Preliminary enrollment figures released last week show that Cowley College continues to cope with enrollment declines.
Cowley saw the equivalent of 164 fewer full-time students enroll this fall compared to last fall, according to the Kansas Board of Regents.
Cowley’s fall enrollment stood at 1,750, compared to 1,914 at the same point in the fall of 2018. The 8.56-percent drop was the steepest decline among all community colleges except Coffeyville.
Cowley addressed the fall numbers in a press release that otherwise touted sub-categories of enrollment for the previous academic school year.
“As for fall 2019 preliminary numbers, there were areas that the college saw a slight decrease in enrollment,” the released states. “College administrators and enrollment services are working diligently to find ways to combat this issue.”
The preliminary number is a snapshot of students actively enrolled in classes on the census day, which was Sept. 10.
Because of this criteria, Debbie Phelps, Cowley College’s executive director of institutional effectiveness, said 117 student records were not included.
Matt Keith, a spokesman for the Kansas Board of Regents, said the figures are not a complete enrollment picture, but they use the same census date for all schools.
Enrollment figures are important as a measure of stature and dollars for higher education. State aide to schools is based on them.
Cowley also saw a dip — although slight — in the number of full-time equivalent students for full 2018-19 school year, compared to previous school year. The full-year figures are considered complete figures.
Cowley has struggled with enrollment declines for several years, dropping from 3,199 full-time equivalent students in 2013 to 2,002 last school year.
Cowley is not alone in fighting enrollment battles — community colleges often see a drop in students during an expanding economy as people enter the workforce instead of train for jobs.
Statewide, community colleges have seen a 12.4-percent decline since 2013. But Cowley’s drop has been much steeper, at 37.4 percent.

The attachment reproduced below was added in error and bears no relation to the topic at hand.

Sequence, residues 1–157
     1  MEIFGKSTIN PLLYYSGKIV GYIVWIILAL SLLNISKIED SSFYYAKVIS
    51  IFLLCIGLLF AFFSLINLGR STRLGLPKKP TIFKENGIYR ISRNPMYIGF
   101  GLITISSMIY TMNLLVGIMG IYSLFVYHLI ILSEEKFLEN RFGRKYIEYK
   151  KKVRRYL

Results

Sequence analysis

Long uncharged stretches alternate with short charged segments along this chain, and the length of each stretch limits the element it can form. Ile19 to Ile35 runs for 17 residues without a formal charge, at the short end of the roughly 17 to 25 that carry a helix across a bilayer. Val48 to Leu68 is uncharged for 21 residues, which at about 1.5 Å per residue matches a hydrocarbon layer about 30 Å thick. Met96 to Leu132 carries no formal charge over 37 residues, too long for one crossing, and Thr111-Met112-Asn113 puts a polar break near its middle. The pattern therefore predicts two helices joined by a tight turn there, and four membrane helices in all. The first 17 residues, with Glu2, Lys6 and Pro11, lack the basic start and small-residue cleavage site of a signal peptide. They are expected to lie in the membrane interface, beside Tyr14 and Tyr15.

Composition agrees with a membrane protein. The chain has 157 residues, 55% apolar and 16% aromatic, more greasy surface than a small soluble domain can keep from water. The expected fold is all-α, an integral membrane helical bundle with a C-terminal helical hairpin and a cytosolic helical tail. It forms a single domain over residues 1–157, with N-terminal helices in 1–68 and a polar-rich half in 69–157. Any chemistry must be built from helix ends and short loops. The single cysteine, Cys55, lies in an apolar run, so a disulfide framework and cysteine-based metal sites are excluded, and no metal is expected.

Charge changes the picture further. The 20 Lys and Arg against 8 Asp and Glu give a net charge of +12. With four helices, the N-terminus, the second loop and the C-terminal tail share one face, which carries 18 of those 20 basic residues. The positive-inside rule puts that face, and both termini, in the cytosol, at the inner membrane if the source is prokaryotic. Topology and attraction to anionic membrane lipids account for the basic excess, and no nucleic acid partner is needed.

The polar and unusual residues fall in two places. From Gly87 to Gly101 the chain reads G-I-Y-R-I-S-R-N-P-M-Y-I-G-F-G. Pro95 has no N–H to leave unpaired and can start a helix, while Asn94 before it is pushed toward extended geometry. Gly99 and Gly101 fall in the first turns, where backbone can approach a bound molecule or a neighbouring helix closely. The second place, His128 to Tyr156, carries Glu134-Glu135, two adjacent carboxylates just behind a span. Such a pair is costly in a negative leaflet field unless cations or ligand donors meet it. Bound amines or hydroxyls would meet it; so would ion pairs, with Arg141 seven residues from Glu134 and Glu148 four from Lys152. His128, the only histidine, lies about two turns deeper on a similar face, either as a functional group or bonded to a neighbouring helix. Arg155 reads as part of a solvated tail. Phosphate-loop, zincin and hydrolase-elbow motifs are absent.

In its press release, Cowley noted that the decline in students is leading the college to cut expenses, with August showing a 15.22-percent reduction in spending, compared to the same time last fiscal year.
Efforts to improve enrollment include revising recruitment fliers, developing more pathways with universities, and creating partnerships designed to keep students, such as the Accelerated Pathway to Teaching with Newman University and the Finish with Friend business pathway.
And the school’s business office has updated processes to improve how students and third-party vendors pay their bill, the release states.
Dr. Gloria Walker, the vice president of finance and administration, also continues to monitor the college’s budget as it relates to further decreases in students and credit hours.
She said adjustments will be made to budgeted areas, such as adjunct and overload salaries for faculty. Custodial services will be reorganized and travel costs reduced, according to the release. More video conferencing will be sued and capital outlay spending will decrease.
Amid the difficulties, the college is touting gains in certain areas of enrollment and achievement.
The press release states the school saw a 13.3-percent increase in associate degrees and certificates awarded during the past school year.
It also notes that the Board of Regents information shows Cowley served more than 3,000 Kansas residents, with an 8-percent year-over-year increase in students residing in Cowley County.
More first-time, full-time freshmen attended orientation than the year before, and the school saw increases in technical training, military students and high school students, compared to the 2017-18 academic year.
And roster size increased in baseball, men’s and women’s soccer, and wrestling.